(ANSA) – BERLIN, 10 JUL – The accordion had allowed her to survive the extermination in Auschwitz and to live up to 96 years: but last night Esther Bejarano died, one of the last survivors of the Auschwitz orchestra, who after the Guerra emigrated to Israel, where she lived for 15 years also experiencing independence, before returning to Germany.
This was revealed by the Anne Frank Education Center in Frankfurt, which also reveals how Bejarano had expressed extreme concern in his later years about the rise of the far right and neo-Nazi movements. “For those who have experienced those things – he said in an interview with Deutsche Welle in 2014 -, it is impossible to describe how serious” the growth of anti-immigration or anti-Islamic movements such as AfD or Pegida is.
“Esther Bejarano survived Auschwitz because she played the accordion in the camp women’s orchestra. She dedicated her life to music and to fight against anti-Semitism,” writes Meron Mendel, who heads the NGO, in a note.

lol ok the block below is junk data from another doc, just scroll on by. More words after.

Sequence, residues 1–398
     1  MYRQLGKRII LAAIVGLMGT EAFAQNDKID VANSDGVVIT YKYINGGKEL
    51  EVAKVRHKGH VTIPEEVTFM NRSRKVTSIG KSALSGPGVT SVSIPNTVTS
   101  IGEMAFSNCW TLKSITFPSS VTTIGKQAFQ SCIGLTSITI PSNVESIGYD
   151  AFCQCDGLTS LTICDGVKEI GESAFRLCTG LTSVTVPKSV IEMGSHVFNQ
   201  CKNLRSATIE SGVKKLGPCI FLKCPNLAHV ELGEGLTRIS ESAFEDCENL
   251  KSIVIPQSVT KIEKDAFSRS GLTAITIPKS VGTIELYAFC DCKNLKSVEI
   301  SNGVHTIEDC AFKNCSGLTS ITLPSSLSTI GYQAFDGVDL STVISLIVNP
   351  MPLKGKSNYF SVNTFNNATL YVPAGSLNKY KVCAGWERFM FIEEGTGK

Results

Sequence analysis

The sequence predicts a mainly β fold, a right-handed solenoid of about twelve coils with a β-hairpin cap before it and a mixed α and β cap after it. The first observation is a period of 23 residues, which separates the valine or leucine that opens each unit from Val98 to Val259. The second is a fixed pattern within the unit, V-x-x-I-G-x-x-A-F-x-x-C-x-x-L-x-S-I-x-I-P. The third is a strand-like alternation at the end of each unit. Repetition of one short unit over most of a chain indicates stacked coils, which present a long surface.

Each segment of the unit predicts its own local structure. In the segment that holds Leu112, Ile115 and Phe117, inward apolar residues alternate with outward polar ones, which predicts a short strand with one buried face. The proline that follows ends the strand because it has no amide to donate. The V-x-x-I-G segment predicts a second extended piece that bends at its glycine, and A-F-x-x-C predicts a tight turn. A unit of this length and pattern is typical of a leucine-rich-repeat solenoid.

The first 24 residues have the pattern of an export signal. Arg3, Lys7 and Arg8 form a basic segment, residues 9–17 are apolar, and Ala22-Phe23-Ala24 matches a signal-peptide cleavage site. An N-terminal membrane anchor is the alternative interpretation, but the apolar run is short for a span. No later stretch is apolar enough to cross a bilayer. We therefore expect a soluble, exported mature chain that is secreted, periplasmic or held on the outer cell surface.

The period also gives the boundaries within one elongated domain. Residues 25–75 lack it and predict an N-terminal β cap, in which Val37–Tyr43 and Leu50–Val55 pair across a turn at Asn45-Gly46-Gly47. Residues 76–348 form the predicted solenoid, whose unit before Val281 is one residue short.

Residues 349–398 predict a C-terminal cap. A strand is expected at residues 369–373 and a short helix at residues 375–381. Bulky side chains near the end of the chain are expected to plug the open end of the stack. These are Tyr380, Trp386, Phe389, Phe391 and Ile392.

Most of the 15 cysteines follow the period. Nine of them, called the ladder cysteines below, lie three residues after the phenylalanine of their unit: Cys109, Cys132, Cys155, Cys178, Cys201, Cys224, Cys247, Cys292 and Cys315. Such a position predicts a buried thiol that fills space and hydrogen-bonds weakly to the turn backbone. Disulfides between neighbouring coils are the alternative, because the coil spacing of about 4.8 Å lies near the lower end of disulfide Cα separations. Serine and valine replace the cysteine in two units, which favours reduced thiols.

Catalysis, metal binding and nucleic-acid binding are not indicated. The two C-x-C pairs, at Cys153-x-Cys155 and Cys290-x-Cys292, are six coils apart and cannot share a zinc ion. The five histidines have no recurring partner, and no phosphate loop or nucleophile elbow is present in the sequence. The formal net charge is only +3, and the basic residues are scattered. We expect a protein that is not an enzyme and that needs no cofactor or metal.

A note, the latter also taken up by the German foreign minister, Heiko Maas, who declared that “an important voice against racism and anti-Semitism has left us.
We will miss his voice. ”Bejarano wrote autobiographical novels and collaborated with the International Committee on Auschwitz.
Born in 1924 in Saarlouis, now in the Rhenish Land of the Saar, in April 1943 at the nineteen year old she was deported to Auschwitz, where she lost her parents and sisters, and then moved a few months later to Ravensbruck. In reality she played the piano but, as there were no pianists in the orchestra wanted by the Nazis to “welcome” the deportees who arrived in the cattle-wagons of the trains and distract them from the suspicions of their imminent death.
He had to learn to play the accordion.
“You knew that sooner or later they would have gassed you and all we could do was stay there and play,” he told Deutsche Welle. (HANDLE).